When tested with applied current, the sockets showed a heat rise of only 14°C for 4 A current.

The second test examines the relationship of the contact resistance over the contact life cycle count. An actual handler was used for this experiment, in which a contact set with 44 leads and 16 ground leads (a QFN package configuration) was mounted on the test board which was then connected to a tester. A gold-plated shorted device simulator was mounted on the plunger head. Since the chosen amount of travel for the SM contact was set at 0.3mm, the test set was adjusted for the head to move down by this amount. The initial contact resistance was measured with the turning on of the automatic-test-equipment (ATE) system, which moves the plunger back and forth which in turn cycles the SM contact. A digital counter measured the cycle count. The test setup operated at ambient temperature and a cycle speed of about 2500 actuations/hour with a dwell time of about 0.7 sec.

From these measurements, the average contact resistance was found to be less than 25 mohms across 1 million cycles. The experiment was repeated for different product lots manufactured at different times. The results were fairly consistent, except that the average contact resistance shifted down by 5 mohms, indicating that process variations can cause at least this amount of variation in contact resistance. Similarly, the contact was tested at various temperatures and an acceptable range was defined as -50 to +150°C.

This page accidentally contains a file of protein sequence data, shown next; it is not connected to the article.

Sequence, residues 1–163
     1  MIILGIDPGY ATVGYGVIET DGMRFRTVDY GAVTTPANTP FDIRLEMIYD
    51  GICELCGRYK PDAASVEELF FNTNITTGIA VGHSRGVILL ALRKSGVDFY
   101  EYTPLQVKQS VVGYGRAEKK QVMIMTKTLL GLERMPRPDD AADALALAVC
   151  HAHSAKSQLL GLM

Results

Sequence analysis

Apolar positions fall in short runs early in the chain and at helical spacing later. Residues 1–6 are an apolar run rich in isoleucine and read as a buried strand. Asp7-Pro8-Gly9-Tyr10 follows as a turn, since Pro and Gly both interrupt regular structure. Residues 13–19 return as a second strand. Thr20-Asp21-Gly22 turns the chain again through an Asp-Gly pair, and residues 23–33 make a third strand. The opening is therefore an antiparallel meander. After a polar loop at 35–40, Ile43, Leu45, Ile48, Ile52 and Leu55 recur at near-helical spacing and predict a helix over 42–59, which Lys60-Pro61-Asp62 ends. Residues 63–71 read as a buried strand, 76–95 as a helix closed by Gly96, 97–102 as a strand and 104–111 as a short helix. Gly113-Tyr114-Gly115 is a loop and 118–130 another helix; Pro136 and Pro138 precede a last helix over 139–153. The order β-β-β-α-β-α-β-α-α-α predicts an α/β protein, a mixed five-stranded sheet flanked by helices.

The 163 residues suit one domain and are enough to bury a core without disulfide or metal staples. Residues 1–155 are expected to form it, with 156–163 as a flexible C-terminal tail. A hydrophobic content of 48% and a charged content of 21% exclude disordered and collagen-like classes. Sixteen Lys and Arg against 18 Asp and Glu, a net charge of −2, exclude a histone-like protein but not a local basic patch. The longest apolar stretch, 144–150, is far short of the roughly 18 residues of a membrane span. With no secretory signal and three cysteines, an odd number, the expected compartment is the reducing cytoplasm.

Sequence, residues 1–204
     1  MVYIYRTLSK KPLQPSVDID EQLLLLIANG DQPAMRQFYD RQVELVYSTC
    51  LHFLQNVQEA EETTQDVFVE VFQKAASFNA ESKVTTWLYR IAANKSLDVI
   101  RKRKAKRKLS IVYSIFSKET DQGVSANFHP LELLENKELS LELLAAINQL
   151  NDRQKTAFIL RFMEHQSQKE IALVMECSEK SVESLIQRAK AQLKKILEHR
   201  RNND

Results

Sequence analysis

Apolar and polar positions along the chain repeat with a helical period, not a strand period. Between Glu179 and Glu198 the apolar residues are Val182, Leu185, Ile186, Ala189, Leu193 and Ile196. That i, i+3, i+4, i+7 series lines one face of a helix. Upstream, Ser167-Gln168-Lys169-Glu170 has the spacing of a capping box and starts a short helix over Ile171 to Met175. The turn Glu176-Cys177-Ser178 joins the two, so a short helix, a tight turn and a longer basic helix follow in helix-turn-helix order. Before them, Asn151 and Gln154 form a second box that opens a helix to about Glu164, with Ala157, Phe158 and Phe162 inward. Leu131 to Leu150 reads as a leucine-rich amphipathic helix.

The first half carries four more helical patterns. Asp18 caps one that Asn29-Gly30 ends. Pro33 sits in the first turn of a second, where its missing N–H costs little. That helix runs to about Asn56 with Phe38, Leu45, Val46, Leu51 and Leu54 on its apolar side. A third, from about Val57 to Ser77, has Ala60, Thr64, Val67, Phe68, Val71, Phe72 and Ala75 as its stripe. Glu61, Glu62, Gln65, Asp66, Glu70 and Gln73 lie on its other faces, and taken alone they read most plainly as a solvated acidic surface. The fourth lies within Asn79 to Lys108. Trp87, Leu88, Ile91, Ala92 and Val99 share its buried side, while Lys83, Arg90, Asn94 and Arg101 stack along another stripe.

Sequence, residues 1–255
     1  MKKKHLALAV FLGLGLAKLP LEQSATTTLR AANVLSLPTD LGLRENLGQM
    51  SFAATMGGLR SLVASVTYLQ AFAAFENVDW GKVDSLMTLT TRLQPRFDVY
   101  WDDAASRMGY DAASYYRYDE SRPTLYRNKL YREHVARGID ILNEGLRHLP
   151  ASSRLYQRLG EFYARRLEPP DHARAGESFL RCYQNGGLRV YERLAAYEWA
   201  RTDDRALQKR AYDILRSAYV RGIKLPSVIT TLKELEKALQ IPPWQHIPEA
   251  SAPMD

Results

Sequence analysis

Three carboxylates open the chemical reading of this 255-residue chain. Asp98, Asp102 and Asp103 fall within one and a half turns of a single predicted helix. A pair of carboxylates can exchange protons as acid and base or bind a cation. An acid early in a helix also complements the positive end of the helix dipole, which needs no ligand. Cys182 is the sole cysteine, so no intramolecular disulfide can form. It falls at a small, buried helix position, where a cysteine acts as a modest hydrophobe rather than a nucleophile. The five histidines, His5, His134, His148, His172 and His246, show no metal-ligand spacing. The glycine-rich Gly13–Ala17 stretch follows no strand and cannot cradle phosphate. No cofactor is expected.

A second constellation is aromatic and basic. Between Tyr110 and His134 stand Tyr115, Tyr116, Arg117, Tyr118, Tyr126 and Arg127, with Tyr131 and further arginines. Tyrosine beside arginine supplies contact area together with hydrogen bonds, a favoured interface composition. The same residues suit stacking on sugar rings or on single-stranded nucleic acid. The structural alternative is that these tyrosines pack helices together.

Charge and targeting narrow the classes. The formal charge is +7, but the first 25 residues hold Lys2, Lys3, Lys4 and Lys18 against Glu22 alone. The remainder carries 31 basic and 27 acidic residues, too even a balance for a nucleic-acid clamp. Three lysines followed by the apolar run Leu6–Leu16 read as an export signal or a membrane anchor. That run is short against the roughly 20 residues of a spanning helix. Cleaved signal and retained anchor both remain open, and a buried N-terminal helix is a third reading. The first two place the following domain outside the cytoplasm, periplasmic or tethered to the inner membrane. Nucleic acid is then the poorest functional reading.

Electrical Characterization
For these socket interfaces, electrical requirements are generally stated in terms of bandwidth and current carrying capacity. Current carrying capacity is determined by injecting drive current in steps of 10 mA to a maximum value of 5 A. The temperature rise as a function of resistance is measured with a dwell time of 3 minutes per data point, to allow temperatures to stabilize. A temperature rise of 14°C was found for 4 A continuous current. For a test engineer, this indicates that the socket will exhibit no Joule heating effects due to the contact's base structure.
Insertion loss for the contacts was measured as only 1dB at 40GHz.

A final test of bandwidth was made to determine if a contact technology was suitable for a particular test application, using a commercial vector network analyzer (VNA) for the measurements. A test signal was sent from port 1 (the top of the contact) and received at port 2 (the bottom of the contact) to measure bandwidth. The measured insertion loss of 1dB at 40GHz is attributed to 90 percent of the signal passing through the interconnection medium and only 10 percent of the signal being lost at the interconnection transition at 40GHz.

For anyone using high-density wafer-level packages (WLPs), a primary concern is that a socket must provide high electrical performance, with low, stable resistance, and still meet the mechanical mating requirements, such as low mating force and a high number of mating cycles without performance degradation. As the measurements show, the SM GHz Sockets satisfy the requirements for reliable, high-performance test sockets and are suitable for high-speed, high-density, high pin count application needs. The simple design of the socket makes it cost efficient and allows assembly to the target board using existing hardware. A unique feature of this socket is its separable components that can be easily replaced and reused.

Contact: Ironwood Electronics, 1335 Eagandale Court, Eagan, MN 55121 800-404-0204 or 952-229-8200 fax: 952-229-8201 E-mail: Web: